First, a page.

The article in the May issue of TSINIKSSINI entitled, BLACKWATER RETIRES AS CHIEF EXECUTIVE OFFICER AFTER MANY YEARS OF DEDICATED HEALTH SERVICE, was inadvertently credited to Tom Russell. The author of the story was Jackie Red Crow, Blood Tribe Department of Health – Special Projects. Tom Russell and the staff of the TSINIKSSINI magazine sincerely offer our apologies for this oversight.

Red Crow is a journalist with an extensive background as a writer and research specialist and her articles for tribal publications are truly acknowledged and appreciated.


After 44 years in the health administration field, Cecilia Black Water retired at the helm as Chief Executive Officer (CEO) of the Blood Tribe Department of Health Inc. (BTDH) where she advocated tirelessly for excellence in health care. Black Water officially ended her tenure as BTDH CEO on April 21, 2017 after an exceptional record of leading the Blood Indian Hospital and BTDH during positive growth and turbulent times.

Fresh out of college in 1972, Black Water got her start at the Blood Indian Hospital as an inventory clerk and worked her way up through the ranks. Her strong work ethic played a significant role in Black Water’s journey through the ranks of the Blood Indian Hospital and BTDH. From clerical positions, she steadily advanced to management positions at the hospital. Then, she was promoted as Acting Administrator for the Blood Indian Hospital in 1997 after former administrator, Charles Weasel Head, was appointed as the CEO for BTDH. When the Blood Indian Hospital was shut down, Black Water was appointed Director of Health Services for the newly opened Kainai Continuing Care Centre in 1999. Then, in 2011, Black Water advanced to her current position as CEO and in April retired after many years of dedicated service.

Reflecting on her decision to retire, Black Water said, “Now is a good time for change at BTDH because it is a well-established Health Centre with a strong leadership team in place. I feel good that all the goals I’ve set were met.”

From 2011 through 2017, Black Water’s term as Chief Executive Officer was dominated by challenging times. Shortly after her appointment, Black Water’s first task was to deal with the BTDH $2-million deficit, which was accumulating before her appointment. In order to address the deficit, BTDH was placed under Co-Management and chartered accountant, Randall Spohn was appointed as Co-Manager. With a sound remedial financial plan and a strong management and Board of Directors team, it led BTDH back into the black, much to the surprise of its funders, FNIHB. They conquered their deficit one year ahead of their original goal of eliminating their deficit.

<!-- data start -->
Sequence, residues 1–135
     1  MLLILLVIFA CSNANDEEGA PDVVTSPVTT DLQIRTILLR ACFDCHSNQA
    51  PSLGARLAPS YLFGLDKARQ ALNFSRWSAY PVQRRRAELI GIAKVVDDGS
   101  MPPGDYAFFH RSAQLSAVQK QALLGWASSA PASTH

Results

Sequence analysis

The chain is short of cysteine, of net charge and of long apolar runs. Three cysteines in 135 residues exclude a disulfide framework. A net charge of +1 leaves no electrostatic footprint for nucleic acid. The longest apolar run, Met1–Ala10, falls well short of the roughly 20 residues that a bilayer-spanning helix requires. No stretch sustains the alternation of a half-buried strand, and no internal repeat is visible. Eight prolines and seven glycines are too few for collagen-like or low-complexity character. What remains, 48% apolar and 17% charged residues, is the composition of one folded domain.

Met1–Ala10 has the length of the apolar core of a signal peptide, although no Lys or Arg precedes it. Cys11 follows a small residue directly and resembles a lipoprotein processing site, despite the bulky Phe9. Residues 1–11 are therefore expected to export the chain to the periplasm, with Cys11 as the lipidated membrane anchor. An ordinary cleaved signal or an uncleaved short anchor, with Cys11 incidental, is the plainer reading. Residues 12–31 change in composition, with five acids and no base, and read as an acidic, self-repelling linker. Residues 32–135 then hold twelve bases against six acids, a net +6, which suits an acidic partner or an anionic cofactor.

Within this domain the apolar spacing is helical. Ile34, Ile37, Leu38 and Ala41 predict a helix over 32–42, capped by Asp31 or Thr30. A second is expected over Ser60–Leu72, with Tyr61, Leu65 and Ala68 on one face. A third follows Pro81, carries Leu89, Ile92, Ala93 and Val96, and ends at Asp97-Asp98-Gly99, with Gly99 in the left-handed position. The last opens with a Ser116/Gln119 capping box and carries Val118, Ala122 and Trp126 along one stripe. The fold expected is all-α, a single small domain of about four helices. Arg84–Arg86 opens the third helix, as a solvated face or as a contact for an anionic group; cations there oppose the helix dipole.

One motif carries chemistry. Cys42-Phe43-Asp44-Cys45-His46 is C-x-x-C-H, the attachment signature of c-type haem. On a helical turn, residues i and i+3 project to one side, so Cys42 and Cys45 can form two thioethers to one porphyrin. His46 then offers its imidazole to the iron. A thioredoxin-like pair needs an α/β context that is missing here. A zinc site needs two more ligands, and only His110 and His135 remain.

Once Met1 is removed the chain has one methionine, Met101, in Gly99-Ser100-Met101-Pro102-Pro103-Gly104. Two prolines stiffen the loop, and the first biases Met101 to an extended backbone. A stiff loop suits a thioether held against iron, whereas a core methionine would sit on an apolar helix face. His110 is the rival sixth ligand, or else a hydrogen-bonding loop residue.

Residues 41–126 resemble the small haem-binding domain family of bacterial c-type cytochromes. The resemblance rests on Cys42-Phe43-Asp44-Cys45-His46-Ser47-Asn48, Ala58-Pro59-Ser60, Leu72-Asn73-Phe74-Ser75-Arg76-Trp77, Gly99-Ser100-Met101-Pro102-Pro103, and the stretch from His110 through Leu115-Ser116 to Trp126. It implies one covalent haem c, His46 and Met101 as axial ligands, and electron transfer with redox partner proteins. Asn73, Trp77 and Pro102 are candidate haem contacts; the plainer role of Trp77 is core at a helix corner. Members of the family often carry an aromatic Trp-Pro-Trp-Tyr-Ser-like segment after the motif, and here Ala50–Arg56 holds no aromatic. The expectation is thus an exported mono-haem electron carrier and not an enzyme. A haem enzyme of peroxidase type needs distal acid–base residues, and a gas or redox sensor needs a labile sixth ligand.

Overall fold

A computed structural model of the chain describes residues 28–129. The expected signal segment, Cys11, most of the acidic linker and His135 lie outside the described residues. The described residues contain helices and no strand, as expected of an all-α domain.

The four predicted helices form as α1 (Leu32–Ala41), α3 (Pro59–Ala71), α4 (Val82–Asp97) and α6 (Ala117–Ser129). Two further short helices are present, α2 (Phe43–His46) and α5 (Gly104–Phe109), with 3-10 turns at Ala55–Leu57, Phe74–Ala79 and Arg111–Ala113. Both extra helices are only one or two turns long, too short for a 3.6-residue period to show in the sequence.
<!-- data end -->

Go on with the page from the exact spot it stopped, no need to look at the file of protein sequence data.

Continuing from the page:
Black Water is quick to credit her staff, advisors and board members in achieving the goals. “When I first became the CEO, I had to rely on staff to assist me – they were instrumental in guiding me and if I had any questions, they were happy to answer my queries.”

Another goal achieved during Black Water’s tenure was accreditation, which is a process a health care institution undergoes to demonstrate compliance with standards developed by Accreditation Canada. With an annual budget of $11-million, the BTDH offers a number of programs and services which must meet standards in health care to comply with Accreditation Canada. The accreditation process was guided by consultant Rita Talosi who assisted the Board and Directors to develop management tools and instruments to provide positive outcomes. “It was a long journey and it really shows the dedication of front line staff,” said Black Water. “The BTDH is fully accredited and have met all the requirements of Accreditation. It’s an on-going process and the next evaluation will be in four years.”